In a recent blog post, The Economist discusses its “Sinodependency Index”, which measures the world’s economic dependence on China. This index was originally proposed in 2010. In today’s post, we will take a closer look at this index, and in the process, we will explore some of Mathematica’s finance-related capabilities.
The Economist’s Sinodependency Index (SI) is composed of S&P 500 firms, weighted according to their revenues from China. You can see how the SI has outperformed the S&P 500 over the past couple of years, with the implication that firms with more exposure to China are performing better than their less “Sinodependent” peers.
Continue reading “A skeptical look at The Economist’s Sinodependency Index” »
It has been an exciting summer in science news. In early July, CERN announced the probable discovery of a Higgs-like particle at the Large Hadron Collider, filling a long open hole in the standard model of physics. On Sunday, the Curiosity rover successfully executed a phenomenally difficult landing on Mars.
Sandwiched between these headline-grabbing events, a story of arguably equal significance has been overshadowed: evidence from the remote Amazon that unvaccinated humans can develop antibodies to rabies.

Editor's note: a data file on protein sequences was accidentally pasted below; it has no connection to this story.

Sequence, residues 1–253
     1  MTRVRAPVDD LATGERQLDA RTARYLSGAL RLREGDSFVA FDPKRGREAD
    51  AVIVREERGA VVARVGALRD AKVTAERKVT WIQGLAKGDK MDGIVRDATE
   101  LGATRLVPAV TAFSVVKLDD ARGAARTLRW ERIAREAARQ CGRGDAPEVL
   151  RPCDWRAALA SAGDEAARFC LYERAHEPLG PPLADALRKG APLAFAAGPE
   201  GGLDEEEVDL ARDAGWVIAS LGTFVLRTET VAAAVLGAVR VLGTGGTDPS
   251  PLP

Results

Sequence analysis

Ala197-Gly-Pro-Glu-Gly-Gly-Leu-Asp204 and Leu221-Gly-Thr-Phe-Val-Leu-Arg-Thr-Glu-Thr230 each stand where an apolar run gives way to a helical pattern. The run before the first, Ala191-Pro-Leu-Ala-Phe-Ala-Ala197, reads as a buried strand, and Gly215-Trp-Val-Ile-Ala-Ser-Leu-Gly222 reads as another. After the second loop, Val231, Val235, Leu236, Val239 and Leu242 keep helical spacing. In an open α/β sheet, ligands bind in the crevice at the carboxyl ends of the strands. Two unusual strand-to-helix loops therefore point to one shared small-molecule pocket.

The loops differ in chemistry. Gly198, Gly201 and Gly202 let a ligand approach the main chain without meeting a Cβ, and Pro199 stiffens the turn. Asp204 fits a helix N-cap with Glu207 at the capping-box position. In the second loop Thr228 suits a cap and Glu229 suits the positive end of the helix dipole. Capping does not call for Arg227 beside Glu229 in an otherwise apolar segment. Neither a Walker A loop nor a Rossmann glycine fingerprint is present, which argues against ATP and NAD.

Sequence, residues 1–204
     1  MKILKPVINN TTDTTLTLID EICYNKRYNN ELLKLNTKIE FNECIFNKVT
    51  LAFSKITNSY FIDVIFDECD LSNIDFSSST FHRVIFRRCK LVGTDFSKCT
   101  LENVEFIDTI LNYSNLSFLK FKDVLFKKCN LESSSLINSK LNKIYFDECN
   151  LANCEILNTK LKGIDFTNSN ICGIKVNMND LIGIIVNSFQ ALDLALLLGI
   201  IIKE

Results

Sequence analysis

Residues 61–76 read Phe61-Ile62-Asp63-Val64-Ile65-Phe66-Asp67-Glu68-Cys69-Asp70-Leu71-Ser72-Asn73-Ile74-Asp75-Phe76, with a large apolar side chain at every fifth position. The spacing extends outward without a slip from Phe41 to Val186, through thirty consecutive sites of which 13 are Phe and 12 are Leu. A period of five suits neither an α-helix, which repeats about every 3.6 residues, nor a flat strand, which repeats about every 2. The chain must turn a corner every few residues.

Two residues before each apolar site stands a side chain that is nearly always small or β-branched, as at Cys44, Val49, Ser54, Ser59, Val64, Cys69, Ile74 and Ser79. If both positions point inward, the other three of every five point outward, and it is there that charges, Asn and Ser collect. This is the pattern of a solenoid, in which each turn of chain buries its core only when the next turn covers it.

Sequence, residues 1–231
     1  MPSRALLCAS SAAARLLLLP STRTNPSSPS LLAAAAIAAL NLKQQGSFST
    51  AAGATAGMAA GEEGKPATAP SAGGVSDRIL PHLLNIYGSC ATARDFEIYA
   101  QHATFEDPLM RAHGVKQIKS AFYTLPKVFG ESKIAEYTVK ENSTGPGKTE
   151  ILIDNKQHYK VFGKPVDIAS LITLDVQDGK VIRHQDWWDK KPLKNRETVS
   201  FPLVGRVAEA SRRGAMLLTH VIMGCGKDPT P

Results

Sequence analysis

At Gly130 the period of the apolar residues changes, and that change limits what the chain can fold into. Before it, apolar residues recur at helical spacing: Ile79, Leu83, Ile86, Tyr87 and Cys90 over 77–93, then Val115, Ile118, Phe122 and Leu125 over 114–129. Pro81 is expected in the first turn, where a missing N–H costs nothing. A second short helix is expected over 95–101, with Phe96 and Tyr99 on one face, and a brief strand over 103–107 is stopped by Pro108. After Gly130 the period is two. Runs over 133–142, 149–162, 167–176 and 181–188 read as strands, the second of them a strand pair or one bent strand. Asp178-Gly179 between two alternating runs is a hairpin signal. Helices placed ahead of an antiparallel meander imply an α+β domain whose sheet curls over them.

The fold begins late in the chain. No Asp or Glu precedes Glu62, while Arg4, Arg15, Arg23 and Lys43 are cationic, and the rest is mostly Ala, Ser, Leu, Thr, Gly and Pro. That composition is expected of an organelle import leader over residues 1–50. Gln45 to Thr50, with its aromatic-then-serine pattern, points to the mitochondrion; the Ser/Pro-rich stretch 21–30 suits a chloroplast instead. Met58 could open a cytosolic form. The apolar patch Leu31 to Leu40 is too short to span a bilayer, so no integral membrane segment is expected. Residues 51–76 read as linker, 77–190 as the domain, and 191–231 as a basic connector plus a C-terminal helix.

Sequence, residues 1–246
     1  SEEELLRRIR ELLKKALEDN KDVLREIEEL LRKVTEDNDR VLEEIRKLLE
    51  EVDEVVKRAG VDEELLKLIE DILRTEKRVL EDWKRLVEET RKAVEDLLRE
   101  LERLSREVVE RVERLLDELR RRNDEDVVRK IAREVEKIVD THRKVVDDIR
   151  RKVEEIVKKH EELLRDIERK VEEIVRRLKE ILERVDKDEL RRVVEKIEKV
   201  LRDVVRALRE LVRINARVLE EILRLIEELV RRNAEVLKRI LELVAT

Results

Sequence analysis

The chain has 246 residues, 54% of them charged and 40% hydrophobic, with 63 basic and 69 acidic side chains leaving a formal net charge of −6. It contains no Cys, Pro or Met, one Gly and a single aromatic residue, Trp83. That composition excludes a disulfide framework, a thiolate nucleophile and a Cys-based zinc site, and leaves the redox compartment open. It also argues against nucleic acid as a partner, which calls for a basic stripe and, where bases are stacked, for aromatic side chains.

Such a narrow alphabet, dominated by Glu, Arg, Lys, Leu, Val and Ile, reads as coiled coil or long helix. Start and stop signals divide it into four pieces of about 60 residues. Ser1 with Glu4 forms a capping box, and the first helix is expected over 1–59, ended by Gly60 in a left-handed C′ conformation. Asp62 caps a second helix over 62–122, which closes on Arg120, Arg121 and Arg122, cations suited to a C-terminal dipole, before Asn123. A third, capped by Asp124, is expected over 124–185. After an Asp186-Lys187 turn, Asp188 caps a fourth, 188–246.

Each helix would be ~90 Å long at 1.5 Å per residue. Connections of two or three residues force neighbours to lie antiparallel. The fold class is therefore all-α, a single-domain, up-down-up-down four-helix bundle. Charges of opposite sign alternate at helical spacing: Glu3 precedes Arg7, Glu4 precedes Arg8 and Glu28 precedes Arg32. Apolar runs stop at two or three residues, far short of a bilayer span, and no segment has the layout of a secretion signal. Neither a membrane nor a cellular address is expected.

Rabies is a scary disease (jokes on The Office notwithstanding). It causes approximately 55,000 deaths annually. Victims suffer anxiety, hallucinations, delirium, paralysis and eventually death. It is hard to imagine a more horrific way to die.
Continue reading “Six little data points and one huge story” »
You’ve probably already experienced the agony that accompanies an infection of Carly Rae Jepsen’s inane earworm “Call Me Maybe”. You’ve probably also been subjected to the current number one song in America, Flo Rida’s “Whistle”, a ditty whose only creative merit is its ability to evade censorship despite its explicit subject material. These two songs are representative of a dismaying trend in popular music: songs are becoming symphonically simpler and more predictable.
Were Mr. Rida to read my pretentious lament over the state of popular music, he would undoubtedly counter that I lack data to support my claim. Do I have metrics to quantify a song’s banality? No. Fortunately, a group of researchers lead by Joan Serra of the Artificial Intelligence Research Institute in Spain does. In a recent Nature paper, “Measuring the Evolution of Contemporary Western Popular Music”, Serra’s team concludes that popular music is headed “towards less variety in pitch transitions, towards a consistent homogenization of the timbral palette, and towards louder and, in the end, potentially poorer volume dynamics.” So yes, Mr. Rida, there is science behind my assertion that popular music is becoming increasingly stupid.
Continue reading “Call it the decline and fall of popular music… maybe?” »